‘यत्सप्तान्नानि मेधया तपसाजनयत्पिता’ इति मेधया हि तपसाजनयत्पिता । ‘एकमस्य साधारणम्’ इतीदमेवास्य तत् साधारणमन्नम् यदिदमद्यते । स य एतदुपास्ते न स पाप्मनो व्यावर्तते, मिश्रं ह्येतत् । ‘द्वे देवानभाजयत्’ इति हुतं च प्रहुतं च, तस्माद्देवेभ्यो जुह्वति च प्र च जुह्वति; अथो आहुर्दर्शपूर्णमासाविति । तस्मान्नेष्टियाजुकः स्यात् । ‘पशुभ्य एकं प्रायच्छत्’ इति तत्पयः । पयो ह्येवाग्रे मनुष्याश्च पशवश्चोपजीवन्ति; तस्मात् कुमारं जातं घृतं वै वाग्रे प्रतिलेहयन्ति, स्तनं वानुधापयन्ति; अथ वत्सम् जातमाहुरतृणाद इति । ‘तस्मिन् सर्वं प्रतिष्ठितम् यच्च प्राणिति यच्च न’ इति पयसि हीदं सर्वम् प्रतिष्ठितम्, यच्च प्राणिति यच्च न । तद्यदिदमाहुः, संवत्सरं पयसा जुह्वदप पुनर्मृत्युं जयतीति, न तथा विद्यात्; यदहरेव जुहोति, तदहः पुनर्मृत्युमपजयत्येवं विद्वान्, सर्वं हि देवेभ्योऽन्नाद्यम् प्रयच्छति । ‘कस्मात्तानि न क्षीयन्तेऽद्यमानानि सर्वदा’ इति पुरुषो वा अक्षितिः, स हीदमन्नं पुनः पुनर् जनयते । ‘यो वैतामक्षितिं वेद’ इति पुरुषो वा अक्षितिः, स हीदमन्नं धिया धिया जनयते कर्मभिः; यद्धैतन्न कुर्यात्क्षीयेत ह; ‘सोऽन्नमत्ति प्रतीकेन’ इति मुखम् प्रतीकम्, मुखेनेत्येतत् । ‘स देवानपिगच्छति, स ऊर्जमुपजीवति’ इति प्रशंसा ॥ २ ॥
‘yatsaptānnāni medhayā tapasājanayatpitā’ iti medhayā hi tapasājanayatpitā | ‘ekamasya sādhāraṇam’ itīdamevāsya tat sādhāraṇamannam yadidamadyate | sa ya etadupāste na sa pāpmano vyāvartate, miśraṃ hyetat | ‘dve devānabhājayat’ iti hutaṃ ca prahutaṃ ca, tasmāddevebhyo juhvati ca pra ca juhvati; atho āhurdarśapūrṇamāsāviti | tasmānneṣṭiyājukaḥ syāt | ‘paśubhya ekaṃ prāyacchat’ iti tatpayaḥ | payo hyevāgre manuṣyāśca paśavaścopajīvanti; tasmāt kumāraṃ jātaṃ ghṛtaṃ vai vāgre pratilehayanti, stanaṃ vānudhāpayanti; atha vatsam jātamāhuratṛṇāda iti | ‘tasmin sarvaṃ pratiṣṭhitam yacca prāṇiti yacca na’ iti payasi hīdaṃ sarvam pratiṣṭhitam, yacca prāṇiti yacca na | tadyadidamāhuḥ, saṃvatsaraṃ payasā juhvadapa punarmṛtyuṃ jayatīti, na tathā vidyāt; yadahareva juhoti, tadahaḥ punarmṛtyumapajayatyevaṃ vidvān, sarvaṃ hi devebhyo’nnādyam prayacchati | ‘kasmāttāni na kṣīyante’dyamānāni sarvadā’ iti puruṣo vā akṣitiḥ, sa hīdamannaṃ punaḥ punar janayate | ‘yo vaitāmakṣitiṃ veda’ iti puruṣo vā akṣitiḥ, sa hīdamannaṃ dhiyā dhiyā janayate karmabhiḥ; yaddhaitanna kuryātkṣīyeta ha; ‘so’nnamatti pratīkena’ iti mukham pratīkam, mukhenetyetat | ‘sa devānapigacchati, sa ūrjamupajīvati’ iti praśaṃsā || 2 ||
2. ‘That the father produced seven kinds of food through meditation and rites’ means that the father indeed produced them through meditation and rites. ‘One is common to all eaters’ means, this food that is eaten is the common food of all eaters. He who adores (monopolises) this food is never free from evil, for this is general food. ‘Two he apportioned to the gods,’ means making oblations in the fire, and offering presents otherwise to the gods. Therefore people perform both these. Some, however, say, those two are the new and full moon sacrifices. Therefore one should not be engrossed with sacrifices for material ends. ‘One he gave to the animals’—it is milk. For men and animals first live on milk alone. Therefore they first make a new-born babe lick clarified butter or suckle it. And they speak of a new-born calf as not yet eatrgg grass. ‘On it rests everything— what lives and what does not’ means that on milk indeed rests all this that lives and that does not. It is said that by making offerings of milk in the fire for a year one conquers further death. One should not think like that. He who knows as above conquers further death the very day he makes that offering, for he offers all eatable food to the gods. ‘Why are they not exhausted, although they are always being eaten?’—means that the being (eater) is indeed the cause of their permanence, for he produces this food again and again. ‘He who knows this cause of their permanence’ means that the being (eater) is indeed the cause of their permanence, for he produces this food through his meditation for the time being and rites. If he does not do this, it will be exhausted. ‘He eats food with Pratīka’ ‘Pratīka’ means pre-eminence; hence the meaning is, pre-eminently. ‘He attains the gods and lives on nectar’ is a eulogy.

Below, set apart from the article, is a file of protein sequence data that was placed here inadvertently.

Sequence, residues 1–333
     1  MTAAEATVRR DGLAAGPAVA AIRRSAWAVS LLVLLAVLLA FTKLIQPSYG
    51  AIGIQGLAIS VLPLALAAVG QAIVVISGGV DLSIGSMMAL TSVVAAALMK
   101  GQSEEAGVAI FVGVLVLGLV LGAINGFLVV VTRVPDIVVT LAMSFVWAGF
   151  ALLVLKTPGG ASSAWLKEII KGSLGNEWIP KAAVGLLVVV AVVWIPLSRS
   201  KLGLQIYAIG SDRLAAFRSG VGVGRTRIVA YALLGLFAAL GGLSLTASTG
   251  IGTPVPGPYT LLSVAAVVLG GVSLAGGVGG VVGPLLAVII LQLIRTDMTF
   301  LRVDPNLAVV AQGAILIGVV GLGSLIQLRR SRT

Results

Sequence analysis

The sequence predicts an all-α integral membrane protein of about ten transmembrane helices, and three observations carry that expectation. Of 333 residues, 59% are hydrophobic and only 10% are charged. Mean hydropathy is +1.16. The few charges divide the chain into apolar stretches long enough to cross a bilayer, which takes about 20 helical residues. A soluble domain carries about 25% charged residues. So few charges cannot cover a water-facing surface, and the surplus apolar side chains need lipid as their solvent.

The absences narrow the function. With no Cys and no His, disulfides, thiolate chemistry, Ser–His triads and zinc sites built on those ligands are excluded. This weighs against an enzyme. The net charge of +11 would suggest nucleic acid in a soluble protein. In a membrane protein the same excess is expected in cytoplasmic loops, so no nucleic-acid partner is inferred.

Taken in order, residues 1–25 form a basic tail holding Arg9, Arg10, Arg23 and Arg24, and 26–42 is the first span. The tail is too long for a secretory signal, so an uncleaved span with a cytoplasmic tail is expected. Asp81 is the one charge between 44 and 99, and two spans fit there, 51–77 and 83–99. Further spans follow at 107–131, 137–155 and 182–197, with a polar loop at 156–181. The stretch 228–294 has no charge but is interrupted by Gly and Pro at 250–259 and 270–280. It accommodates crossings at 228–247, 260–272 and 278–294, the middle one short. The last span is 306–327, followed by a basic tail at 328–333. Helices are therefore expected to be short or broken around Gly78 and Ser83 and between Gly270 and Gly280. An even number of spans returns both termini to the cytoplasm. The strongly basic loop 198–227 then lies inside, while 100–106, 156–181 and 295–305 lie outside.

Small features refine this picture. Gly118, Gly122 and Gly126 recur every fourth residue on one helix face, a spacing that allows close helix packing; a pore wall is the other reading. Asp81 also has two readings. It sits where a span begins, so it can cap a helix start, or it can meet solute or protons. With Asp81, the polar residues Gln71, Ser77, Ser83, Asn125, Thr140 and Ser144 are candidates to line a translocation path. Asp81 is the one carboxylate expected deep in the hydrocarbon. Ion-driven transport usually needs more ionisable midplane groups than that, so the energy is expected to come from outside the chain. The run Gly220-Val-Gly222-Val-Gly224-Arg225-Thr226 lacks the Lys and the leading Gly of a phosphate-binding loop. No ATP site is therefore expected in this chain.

That the father produced seven kinds of food through meditation and rites: ‘Yat’ (that) is an adverb modifying the verb ‘produced.’ The words ‘Medhā’ and ‘Tapas’ here mean meditation and rites respectively, for these are the topic, and the ordinary meanings of the words ‘Medhā’ and ‘Tapas’ (intelligence and austerity) are out of place. For rites with five factors, viz. the wife and so forth, were described, and just after that, meditation, referred to by the words, ‘He who knows it as such,’ etc. (I. iv. 17). Therefore the familiar meanings of the two words ‘Medhā’ and ‘Tapas’ must not be supposed here. Hence the meaning of the sentence is: ‘The seven kinds of food which the father produced through his meditation and rites, I shall disclose.’ The last words should be supplied to complete the sentence. In the Vēdâs the meaning of the Mantras, being hidden, is generally difficult to understand, hence the Brāhmaṇa (this text) proceeds to explain them. Now what is the meaning of ‘That the father produced seven kinds of food through meditation and rites’? This is being answered. The text explains the sentence only by the use of the particle ‘hi’ (indeed) signifying a well-known fact. That is to say, the meaning of this Mantra is well known. The words of the Mantra, ‘That the father produced,’ being of the form of a restatement, it also refers to something well known. Hence the Brāhmaṇa boldly says: The father indeed produced them through meditation and rites.